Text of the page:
Biogen to Present Positive Phase 2 Systemic Lupus Erythematosus Data at American College of Rheumatology 2020 Meeting
In Phase 2 LILAC study, BIIB059 demonstrated a statistically significant reduction in joint disease activity compared to placebo in systemic lupus erythematosus patients
Positive results build on previously reported cutaneous lupus erythematosus data and underscore Biogen’s commitment to the lupus community
Systemic lupus erythematosus is a chronic and debilitating autoimmune disease that affects multiple organ systems, with periods of illness or flares alternating with periods of remission
CAMBRIDGE, Mass., Nov. 03, 2020 (GLOBE NEWSWIRE) — Today, Biogen Inc. (Nasdaq: BIIB) announced positive data from the 24-week systemic lupus erythematosus (SLE) portion of the Phase 2 LILAC study (part A) demonstrating that BIIB059 (anti-BDCA2) was associated with a statistically significant reduction in total active joint count. The study evaluated the efficacy and safety of BIIB059, a humanized IgG1 monoclonal antibody (mAb) targeting blood dendritic cell antigen 2 (BDCA2) expressed exclusively on plasmacytoid dendritic cells. These data, along with the previously reported findings from the cutaneous lupus erythematosus (CLE) portion of the LILAC study, will be presented at the American College of Rheumatology’s ACR Convergence 2020, being held virtually from November 5-9, 2020.
“People living with systemic lupus erythematosus suffer from chronic and debilitating symptoms that impact multiple organ systems as well as their social and emotional well-being,” said Nathalie Franchimont, M.D., Ph.D., Vice President and Head of the Multiple Sclerosis and Immunology Development Unit at Biogen. “These latest data highlight the potential of BIIB059 to impact disease activity and, together with the earlier cutaneous lupus erythematosus findings, reflect Biogen’s commitment to drive therapeutic innovation for lupus patients who have limited treatment options.”
The Phase 2 LILAC study (part A) met its primary endpoint of reducing joint disease activity in individuals with SLE, as measured by total active joint count. A statistically significant difference in change from baseline of 3.4 in total active joint count was observed at week 24 between participants who received BIIB059 450 mg administered subcutaneously every 4 weeks with an additional dose at week 2 versus placebo (p=0.037). Total active joint count is the total number of tender or swollen joints. Tender or swollen joints are one of the most common symptoms impacting quality of life in people living with SLE.
The study also met the secondary endpoint of SLE Responder Index-4 (SRI-4), resulting in an overall reduction in disease activity in participants who received BIIB059 versus placebo. There was a 26.35 percent higher SRI-4 response rate among participants who received BIIB059 (56.77 percent) versus placebo (30.42 percent [odds ratio=3.49, p=0.003]). The SRI-4 is a composite measure comprising criteria from different internationally validated indices of systemic disease activity.
An additional secondary endpoint from part A of the study in individuals with SLE evaluated the effect of BIIB059 on skin disease activity using the CLE Activity Disease Area and Severity Index-Activity (CLASI-A) score in a subgroup of participants with a baseline CLASI-A score of ≥8. There was a 20 percent higher response rate among participants who received BIIB059 (69.10 percent) versus placebo (49.10 percent) who achieved at
Pressure to create a coronavirus vaccine is increasing by the day, but for a safe vaccine to enter the market, it takes time.
A normally backwater committee meeting of a Food and Drug Administration advisory group held Thursday highlighted the extreme importance of getting COVID-19 vaccines right.
The meeting was unlike others held by the Vaccines and Related Biological Products Advisory Committee, a group of outside experts who advise FDA on whether or not to approve drugs, therapeutics and vaccines after they have gone through FDA’s rigorous approval process.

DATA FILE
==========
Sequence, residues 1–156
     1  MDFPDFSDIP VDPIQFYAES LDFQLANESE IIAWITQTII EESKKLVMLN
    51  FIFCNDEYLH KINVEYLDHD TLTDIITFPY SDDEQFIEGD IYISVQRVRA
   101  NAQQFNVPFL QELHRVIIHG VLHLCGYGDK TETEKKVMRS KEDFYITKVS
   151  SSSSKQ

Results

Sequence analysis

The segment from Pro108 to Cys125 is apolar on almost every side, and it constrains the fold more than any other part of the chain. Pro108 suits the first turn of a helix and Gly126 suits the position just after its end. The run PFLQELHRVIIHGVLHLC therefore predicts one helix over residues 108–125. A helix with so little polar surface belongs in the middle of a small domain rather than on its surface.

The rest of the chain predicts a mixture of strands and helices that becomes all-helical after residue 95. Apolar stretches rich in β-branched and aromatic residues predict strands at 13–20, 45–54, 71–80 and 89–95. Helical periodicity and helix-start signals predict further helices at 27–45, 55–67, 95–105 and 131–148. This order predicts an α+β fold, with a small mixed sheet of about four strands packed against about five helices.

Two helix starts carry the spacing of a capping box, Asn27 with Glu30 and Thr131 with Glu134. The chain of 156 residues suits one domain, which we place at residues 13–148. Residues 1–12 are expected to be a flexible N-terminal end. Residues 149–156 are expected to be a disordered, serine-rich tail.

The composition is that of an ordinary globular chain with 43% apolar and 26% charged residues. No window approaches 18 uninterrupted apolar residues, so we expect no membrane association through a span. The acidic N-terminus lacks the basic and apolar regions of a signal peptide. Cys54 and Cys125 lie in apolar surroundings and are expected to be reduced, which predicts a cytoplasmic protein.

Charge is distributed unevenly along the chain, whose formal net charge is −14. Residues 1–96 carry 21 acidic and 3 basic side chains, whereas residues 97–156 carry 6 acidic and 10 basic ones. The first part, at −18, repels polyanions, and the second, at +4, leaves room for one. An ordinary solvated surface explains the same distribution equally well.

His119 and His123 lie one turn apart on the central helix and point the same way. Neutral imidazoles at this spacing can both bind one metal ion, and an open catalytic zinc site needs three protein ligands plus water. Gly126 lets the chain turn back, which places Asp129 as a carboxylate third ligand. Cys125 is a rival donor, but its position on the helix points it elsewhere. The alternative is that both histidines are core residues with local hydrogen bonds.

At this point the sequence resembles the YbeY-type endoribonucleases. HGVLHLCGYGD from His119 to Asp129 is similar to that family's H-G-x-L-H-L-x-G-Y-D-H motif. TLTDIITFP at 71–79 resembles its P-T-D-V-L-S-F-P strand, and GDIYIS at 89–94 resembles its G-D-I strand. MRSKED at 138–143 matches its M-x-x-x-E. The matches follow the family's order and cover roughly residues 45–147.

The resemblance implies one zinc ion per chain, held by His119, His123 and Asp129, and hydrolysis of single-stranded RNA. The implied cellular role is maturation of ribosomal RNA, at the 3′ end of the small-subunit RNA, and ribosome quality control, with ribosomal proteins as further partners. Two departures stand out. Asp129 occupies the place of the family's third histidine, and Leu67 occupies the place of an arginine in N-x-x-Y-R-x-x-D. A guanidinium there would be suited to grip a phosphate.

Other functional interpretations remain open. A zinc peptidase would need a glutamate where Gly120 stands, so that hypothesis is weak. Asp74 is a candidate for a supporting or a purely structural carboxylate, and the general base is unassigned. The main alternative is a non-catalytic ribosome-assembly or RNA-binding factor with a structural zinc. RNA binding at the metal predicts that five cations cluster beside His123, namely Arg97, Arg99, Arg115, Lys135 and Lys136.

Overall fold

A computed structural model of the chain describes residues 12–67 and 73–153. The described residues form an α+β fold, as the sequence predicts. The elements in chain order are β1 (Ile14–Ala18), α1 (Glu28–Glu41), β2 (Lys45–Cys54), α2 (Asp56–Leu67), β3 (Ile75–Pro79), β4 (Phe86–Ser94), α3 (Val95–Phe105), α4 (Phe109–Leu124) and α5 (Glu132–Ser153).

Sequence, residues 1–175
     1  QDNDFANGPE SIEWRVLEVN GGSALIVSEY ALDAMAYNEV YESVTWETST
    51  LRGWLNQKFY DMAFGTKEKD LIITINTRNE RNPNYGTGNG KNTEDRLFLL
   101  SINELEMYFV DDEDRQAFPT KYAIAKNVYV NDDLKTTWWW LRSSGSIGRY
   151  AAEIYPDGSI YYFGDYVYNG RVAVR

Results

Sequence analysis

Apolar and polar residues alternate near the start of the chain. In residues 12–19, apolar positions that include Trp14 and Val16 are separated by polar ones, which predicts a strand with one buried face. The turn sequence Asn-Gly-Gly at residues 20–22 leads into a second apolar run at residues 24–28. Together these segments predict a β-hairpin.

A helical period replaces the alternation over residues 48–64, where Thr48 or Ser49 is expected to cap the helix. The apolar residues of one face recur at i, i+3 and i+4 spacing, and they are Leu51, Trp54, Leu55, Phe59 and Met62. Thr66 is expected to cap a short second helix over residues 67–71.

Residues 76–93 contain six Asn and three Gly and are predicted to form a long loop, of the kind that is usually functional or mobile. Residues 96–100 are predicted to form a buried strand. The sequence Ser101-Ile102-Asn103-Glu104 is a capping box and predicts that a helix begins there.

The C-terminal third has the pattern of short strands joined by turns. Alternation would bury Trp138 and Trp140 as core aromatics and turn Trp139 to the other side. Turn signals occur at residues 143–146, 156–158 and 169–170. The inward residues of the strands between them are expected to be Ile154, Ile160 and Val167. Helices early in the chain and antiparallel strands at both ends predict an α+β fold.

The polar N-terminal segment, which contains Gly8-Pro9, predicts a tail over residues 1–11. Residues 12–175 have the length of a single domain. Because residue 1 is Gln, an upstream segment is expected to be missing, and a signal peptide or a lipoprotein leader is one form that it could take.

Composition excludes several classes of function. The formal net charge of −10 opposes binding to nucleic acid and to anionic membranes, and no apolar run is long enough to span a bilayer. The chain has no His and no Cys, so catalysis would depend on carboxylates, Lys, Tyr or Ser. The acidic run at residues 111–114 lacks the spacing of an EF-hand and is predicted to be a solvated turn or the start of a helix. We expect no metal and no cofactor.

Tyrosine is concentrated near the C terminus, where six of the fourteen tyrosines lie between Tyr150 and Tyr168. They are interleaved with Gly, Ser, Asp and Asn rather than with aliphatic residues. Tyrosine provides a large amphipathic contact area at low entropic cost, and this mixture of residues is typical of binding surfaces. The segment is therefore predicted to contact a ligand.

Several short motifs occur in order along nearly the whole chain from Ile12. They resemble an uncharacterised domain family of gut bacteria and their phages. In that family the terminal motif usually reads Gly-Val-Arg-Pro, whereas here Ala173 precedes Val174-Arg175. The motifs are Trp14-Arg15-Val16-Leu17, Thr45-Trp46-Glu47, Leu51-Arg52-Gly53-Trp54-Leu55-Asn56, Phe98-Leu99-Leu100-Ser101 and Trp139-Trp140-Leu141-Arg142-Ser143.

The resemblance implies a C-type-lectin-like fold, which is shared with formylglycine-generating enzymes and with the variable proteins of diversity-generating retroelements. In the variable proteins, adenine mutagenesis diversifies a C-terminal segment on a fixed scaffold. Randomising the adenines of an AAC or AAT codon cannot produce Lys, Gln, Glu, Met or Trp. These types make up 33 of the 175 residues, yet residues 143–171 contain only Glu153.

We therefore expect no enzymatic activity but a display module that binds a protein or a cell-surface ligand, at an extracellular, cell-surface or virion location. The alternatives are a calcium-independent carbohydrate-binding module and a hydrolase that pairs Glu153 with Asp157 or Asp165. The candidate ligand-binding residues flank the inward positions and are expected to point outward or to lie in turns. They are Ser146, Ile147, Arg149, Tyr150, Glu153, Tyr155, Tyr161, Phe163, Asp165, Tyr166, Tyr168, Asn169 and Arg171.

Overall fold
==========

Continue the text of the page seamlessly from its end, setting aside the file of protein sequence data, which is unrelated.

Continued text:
Thursday’s meeting featured excruciatingly detailed presentations by FDA and Centers for Disease Control and Prevention on what’s known about COVID-19 and what requirements must be met for a vaccine to be approved.
The question of when to approve a vaccine is of enormous importance. It must be both safe and effective because it will be given to healthy individuals.
At the same time, as Marion Gruber, director of CDC’s office of Vaccines Research & Review noted, 700 Americans are dying of COVID-19 each day.
Some have been concerned an emergency use authorization (EUA) for a COVID-19 vaccine may mean the vetting process for the vaccine won’t be as thorough as the FDA’s usual licensing process.
By the time agency officials finished their presentations, committee members seemed to be less worried.
“I’m reassured,” said Dr. Paul Offit, a committee member, director of the Vaccine Education Center and an attending physician at Children’s Hospital of Philadelphia. The EUA process FDA described was “much much much closer” to the full licensing process than he had thought, he said.
The committee did not vote on a specific vaccine Thursday but discussed FDA’s guidance and requirements to seek either a license or an emergency use authorization for one.
VRBPAC (pronounced verb-pack) meetings are generally little-noticed outside of pharmaceutical circles but Thursday’s meeting was closely watched and heavily attended online as the committee discussed COVID-19 vaccines. It was streamed live from FDA’s website.
The 15 committee members — all distinguished physicians, scientists and doctors — discussed FDA’s current guidance to COVID-19 vaccine manufacturers and what kinds of data they hope to see when Phase 3 clinical trials for each vaccine are completed.
Generally, the committee meets once FDA has approved a drug or a vaccine. It goes over the application and votes whether it also thinks it should be approved.
FDA officials have said that once a COVID-19 vaccine or vaccines have been presented to the agency for approval — which will not happen for several weeks or months — it will ask the committee to consider the applications.
Thursday’s meeting allowed the group to give feedback to FDA in the middle of the complex and very rapid COVID-19 vaccine development and testing press.
“Note how FDA mentioned several times that an EUA vaccine could reach millions — FDA wants to be real sure it does due diligence,” said John Grabenstein, general manager of Vaccine Dynamics and editor for the Immunization Action Coalition.
President TrumpDonald John TrumpMore than 300 military family members endorse Biden Five takeaways from the final Trump-Biden debate Biden: ‘I would transition from the oil industry’ MORE has not been to a White House coronavirus task force meeting in several months, Anthony FauciAnthony FauciTrump, Biden clash over coronavirus response, mounting death toll Stahl tells Pence he and Trump ‘insulted 60 Minutes’ by giving ‘campaign speeches’ How Trump lost to the coronavirus MORE said Friday.
During an interview on “Meet the Press Daily,” the nation’s top infectious disease doctor said he hasn’t directly interacted with or spoken to Trump in some time.